The Expert Consensus Statement offers specific recommendations for the development, growth and enhancement of teleICU programs
ALISO VIEJO, Calif. – May 17, 2018 – The American Association of Critical-Care Nurses (AACN) has published an update to its landmark teleICU nursing standards, offering specific recommendations for the development, growth and enhancement of teleICU programs.
In 2013, AACN issued the first authoritative document to define practice guidelines specifically for the emerging telenursing practice in critical care. The newly released document, “AACN TeleICU Nursing Practice: An Expert Consensus Statement Supporting High Acuity, Progressive and Critical Care,” addresses the changes and provides up-to-date findings in this fast-growing area of healthcare.
The consensus statement reflects current evidence, best practice and the expert opinions of AACN’s 13-person TeleICU Task Force. The document also includes clinical scenarios with real-world examples of how clinicians implemented each key recommendation in various environments.
“The level of technology acceptance has created opportunities to apply the teleICU model from rural to urban areas and from land to sea,” said task force co-chair Theresa Davis, PhD, RN, NE-BC, CHTP, clinical operations director for Inova Telemedicine enVision eICU. “The ability to leverage clinical expertise across miles in an efficient way is valuable in both critical situations and routine care delivery.”
In addition to creating a framework for implementing and evaluating teleICU nursing practice, the statement introduces a model for achieving excellence and optimal patient care and outcomes through:
- Shared knowledge and goals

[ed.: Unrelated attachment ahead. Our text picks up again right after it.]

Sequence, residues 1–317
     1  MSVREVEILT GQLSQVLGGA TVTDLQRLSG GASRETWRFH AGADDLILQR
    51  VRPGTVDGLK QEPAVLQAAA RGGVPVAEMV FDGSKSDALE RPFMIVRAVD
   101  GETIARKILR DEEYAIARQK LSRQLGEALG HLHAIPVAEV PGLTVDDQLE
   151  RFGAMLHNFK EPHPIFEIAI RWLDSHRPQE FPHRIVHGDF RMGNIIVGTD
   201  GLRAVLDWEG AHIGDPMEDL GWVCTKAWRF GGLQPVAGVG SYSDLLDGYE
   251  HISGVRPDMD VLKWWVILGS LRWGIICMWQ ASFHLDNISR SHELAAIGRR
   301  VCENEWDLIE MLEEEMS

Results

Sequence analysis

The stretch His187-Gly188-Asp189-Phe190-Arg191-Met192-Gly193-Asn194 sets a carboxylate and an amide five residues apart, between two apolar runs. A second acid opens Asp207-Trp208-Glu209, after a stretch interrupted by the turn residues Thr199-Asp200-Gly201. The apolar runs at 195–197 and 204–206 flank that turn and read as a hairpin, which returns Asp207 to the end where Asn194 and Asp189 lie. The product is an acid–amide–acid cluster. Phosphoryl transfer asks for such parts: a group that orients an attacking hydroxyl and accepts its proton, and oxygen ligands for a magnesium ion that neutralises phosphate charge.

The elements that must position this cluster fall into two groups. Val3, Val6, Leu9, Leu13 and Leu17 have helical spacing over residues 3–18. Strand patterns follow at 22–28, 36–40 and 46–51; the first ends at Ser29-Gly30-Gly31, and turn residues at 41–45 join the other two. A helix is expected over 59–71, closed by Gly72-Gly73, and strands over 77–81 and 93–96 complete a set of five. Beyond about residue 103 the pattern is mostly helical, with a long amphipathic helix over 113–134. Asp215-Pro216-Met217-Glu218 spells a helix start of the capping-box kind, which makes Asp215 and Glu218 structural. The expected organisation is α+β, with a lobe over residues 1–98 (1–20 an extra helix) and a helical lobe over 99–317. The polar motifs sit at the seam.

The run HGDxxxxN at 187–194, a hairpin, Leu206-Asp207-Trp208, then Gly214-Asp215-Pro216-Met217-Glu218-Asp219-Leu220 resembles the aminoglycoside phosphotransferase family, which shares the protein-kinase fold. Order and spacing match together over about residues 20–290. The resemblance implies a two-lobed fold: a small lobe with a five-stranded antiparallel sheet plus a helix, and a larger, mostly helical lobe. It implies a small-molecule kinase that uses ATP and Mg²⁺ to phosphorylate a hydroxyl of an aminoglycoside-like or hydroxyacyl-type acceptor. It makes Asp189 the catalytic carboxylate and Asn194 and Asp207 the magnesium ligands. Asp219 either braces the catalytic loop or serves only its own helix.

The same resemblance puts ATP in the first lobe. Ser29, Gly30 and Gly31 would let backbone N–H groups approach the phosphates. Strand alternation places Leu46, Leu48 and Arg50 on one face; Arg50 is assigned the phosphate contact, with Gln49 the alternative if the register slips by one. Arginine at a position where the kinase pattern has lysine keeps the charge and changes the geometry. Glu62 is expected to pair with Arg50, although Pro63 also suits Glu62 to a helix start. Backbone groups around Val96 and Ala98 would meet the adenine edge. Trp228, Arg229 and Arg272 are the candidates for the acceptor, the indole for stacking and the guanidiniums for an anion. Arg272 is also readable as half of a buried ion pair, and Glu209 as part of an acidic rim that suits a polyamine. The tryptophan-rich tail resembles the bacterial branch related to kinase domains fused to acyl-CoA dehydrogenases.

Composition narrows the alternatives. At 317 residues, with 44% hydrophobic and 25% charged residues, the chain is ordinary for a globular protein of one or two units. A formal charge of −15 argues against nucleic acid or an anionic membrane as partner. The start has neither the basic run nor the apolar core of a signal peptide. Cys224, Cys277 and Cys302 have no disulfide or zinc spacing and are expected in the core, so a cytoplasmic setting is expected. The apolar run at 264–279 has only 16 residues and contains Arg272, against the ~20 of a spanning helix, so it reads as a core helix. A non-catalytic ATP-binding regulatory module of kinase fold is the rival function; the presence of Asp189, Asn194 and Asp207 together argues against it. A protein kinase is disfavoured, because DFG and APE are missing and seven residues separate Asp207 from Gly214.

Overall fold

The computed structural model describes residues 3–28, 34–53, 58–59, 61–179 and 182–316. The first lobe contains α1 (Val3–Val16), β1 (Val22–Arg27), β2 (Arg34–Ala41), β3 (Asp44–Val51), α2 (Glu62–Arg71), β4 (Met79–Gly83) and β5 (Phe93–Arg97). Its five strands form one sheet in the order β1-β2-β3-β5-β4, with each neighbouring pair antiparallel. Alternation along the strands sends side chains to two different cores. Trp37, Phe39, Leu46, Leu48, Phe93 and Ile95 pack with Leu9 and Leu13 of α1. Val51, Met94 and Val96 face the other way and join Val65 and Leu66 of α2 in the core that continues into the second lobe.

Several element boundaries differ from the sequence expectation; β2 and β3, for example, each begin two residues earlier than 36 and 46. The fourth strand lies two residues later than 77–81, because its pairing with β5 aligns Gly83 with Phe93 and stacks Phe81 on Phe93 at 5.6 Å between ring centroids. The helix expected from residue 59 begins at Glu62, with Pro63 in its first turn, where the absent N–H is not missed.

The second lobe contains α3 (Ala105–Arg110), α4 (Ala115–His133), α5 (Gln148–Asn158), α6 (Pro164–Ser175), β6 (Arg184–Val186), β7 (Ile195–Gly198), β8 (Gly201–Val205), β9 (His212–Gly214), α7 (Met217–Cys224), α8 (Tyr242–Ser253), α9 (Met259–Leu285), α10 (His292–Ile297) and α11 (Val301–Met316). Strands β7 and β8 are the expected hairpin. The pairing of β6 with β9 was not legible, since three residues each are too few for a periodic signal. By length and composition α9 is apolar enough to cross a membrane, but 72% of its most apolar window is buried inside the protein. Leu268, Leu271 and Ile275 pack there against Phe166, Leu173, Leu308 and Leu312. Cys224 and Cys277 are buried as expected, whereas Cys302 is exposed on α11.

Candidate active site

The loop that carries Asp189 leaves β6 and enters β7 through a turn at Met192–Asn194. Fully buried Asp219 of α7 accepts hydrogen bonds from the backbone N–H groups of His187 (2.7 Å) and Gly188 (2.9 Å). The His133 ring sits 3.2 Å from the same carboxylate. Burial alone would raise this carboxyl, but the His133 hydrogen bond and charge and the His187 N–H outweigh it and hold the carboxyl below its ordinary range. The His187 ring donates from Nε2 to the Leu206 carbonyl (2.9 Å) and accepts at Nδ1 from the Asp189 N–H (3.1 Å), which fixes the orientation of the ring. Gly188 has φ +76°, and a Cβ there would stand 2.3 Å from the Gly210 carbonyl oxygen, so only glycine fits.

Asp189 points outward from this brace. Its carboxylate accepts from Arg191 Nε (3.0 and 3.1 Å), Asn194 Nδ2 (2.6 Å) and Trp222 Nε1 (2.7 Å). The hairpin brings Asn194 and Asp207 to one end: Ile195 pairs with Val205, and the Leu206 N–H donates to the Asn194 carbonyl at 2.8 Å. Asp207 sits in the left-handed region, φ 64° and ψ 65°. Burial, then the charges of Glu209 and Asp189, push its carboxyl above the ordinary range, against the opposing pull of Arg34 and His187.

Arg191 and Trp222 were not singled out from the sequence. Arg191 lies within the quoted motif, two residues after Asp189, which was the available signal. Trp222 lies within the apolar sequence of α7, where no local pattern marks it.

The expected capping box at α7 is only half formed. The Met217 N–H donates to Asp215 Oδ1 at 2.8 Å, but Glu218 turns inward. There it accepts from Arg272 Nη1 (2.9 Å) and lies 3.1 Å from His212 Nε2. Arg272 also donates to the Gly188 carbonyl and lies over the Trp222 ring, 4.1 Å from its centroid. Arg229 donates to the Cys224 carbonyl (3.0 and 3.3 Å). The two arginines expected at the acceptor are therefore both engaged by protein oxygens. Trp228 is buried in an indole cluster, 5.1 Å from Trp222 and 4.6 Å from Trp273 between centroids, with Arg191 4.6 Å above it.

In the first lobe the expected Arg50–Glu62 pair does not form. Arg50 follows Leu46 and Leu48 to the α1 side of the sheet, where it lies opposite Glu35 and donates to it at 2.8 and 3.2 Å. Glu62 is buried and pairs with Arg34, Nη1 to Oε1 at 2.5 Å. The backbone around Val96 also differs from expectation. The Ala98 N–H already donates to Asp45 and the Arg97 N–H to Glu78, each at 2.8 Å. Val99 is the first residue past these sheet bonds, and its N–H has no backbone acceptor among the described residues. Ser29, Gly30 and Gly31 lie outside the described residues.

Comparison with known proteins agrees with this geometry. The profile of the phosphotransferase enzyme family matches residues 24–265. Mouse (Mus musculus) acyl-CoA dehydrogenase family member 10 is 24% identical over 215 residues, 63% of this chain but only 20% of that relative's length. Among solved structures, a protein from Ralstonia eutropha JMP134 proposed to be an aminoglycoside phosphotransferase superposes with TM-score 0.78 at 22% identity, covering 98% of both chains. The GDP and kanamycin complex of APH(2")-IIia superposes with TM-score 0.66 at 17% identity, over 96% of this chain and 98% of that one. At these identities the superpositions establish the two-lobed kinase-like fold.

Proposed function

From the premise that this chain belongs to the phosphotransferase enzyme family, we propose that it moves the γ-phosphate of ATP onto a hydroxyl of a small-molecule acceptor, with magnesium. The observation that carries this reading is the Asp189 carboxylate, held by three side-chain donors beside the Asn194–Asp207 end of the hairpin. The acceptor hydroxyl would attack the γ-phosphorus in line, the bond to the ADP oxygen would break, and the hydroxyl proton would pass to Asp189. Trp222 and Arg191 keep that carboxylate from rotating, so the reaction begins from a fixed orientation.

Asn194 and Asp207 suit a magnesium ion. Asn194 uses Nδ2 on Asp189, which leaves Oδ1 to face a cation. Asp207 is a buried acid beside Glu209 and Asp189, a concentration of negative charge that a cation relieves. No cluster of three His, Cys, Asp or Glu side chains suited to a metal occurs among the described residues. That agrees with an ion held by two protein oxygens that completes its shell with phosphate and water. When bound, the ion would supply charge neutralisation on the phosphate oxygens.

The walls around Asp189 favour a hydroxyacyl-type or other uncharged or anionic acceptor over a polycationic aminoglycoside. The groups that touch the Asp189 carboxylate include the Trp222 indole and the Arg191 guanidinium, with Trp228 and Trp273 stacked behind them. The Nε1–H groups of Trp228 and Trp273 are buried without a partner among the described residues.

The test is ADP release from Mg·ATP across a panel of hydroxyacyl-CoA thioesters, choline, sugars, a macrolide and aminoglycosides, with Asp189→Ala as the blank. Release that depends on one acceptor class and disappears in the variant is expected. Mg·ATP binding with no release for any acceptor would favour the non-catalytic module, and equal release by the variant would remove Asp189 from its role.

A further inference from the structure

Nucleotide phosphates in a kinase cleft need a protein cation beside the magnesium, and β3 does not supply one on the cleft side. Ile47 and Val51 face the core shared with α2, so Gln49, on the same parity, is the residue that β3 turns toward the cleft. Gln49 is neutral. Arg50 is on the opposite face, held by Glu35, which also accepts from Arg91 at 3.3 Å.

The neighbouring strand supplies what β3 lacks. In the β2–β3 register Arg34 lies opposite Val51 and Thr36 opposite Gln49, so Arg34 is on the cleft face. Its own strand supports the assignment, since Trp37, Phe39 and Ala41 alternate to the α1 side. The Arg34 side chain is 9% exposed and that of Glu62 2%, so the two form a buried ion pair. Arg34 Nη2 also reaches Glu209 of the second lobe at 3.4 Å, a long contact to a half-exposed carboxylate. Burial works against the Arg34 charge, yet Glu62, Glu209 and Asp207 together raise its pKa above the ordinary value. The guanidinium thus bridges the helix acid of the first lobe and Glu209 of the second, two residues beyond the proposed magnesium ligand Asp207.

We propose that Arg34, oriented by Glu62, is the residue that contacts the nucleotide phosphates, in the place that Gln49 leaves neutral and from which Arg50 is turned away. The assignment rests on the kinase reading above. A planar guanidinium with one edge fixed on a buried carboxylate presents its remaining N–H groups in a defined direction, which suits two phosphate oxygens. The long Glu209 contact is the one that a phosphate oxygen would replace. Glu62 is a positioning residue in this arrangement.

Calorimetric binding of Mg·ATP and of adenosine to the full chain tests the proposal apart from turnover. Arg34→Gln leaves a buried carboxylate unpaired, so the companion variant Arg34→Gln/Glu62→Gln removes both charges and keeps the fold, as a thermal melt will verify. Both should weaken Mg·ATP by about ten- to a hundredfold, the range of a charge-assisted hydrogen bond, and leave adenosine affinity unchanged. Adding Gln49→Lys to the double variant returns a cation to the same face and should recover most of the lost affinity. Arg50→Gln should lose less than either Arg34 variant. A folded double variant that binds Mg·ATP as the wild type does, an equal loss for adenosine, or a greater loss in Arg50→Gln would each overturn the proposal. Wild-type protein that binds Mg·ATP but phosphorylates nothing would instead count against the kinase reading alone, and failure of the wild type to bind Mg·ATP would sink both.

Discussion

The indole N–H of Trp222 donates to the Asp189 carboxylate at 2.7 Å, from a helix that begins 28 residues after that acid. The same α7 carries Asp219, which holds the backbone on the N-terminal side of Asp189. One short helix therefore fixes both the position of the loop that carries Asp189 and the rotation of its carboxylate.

- Mutual respect
- Skilled communication
- True collaboration
- Practice excellence
- Authentic leadership
- Optimized technology
A study funded by AACN and published in the January 2016 issue of the American Journal of Critical Care, “Assessing the Impact of Telemedicine on Nursing Care in Intensive Care Units,” was among the many resources used by the task force as it developed the consensus statement. That study found that 79.2 percent of the 1,213 nurses surveyed agree that teleICU implementation provides an opportunity to improve patient care, and 63.6 percent said it could also improve their job performance.
The 16-page consensus statement can be downloaded from AACN’s website at no charge. A print version of the booklet is also available for purchase from AACN’s online store.
AACN offers a CCRN-E specialty certification for nurses who primarily provide acute or critical care for adult patients in a teleICU setting.
About the American Association of Critical-Care Nurses: Founded in 1969 and based in Aliso Viejo, California, the American Association of Critical-Care Nurses (AACN) is the largest specialty nursing organization in the world. AACN represents the interests of more than half a million acute and critical care nurses and includes more than 200 chapters in the United States. The organization’s vision is to create a healthcare system driven by the needs of patients and their families in which acute and critical care nurses make their optimal contribution.
American Association of Critical-Care Nurses, 101 Columbia, Aliso Viejo, CA 92656-4109; 949-362-2000; www.aacn.org; facebook.com/aacnface; twitter.com/aacnme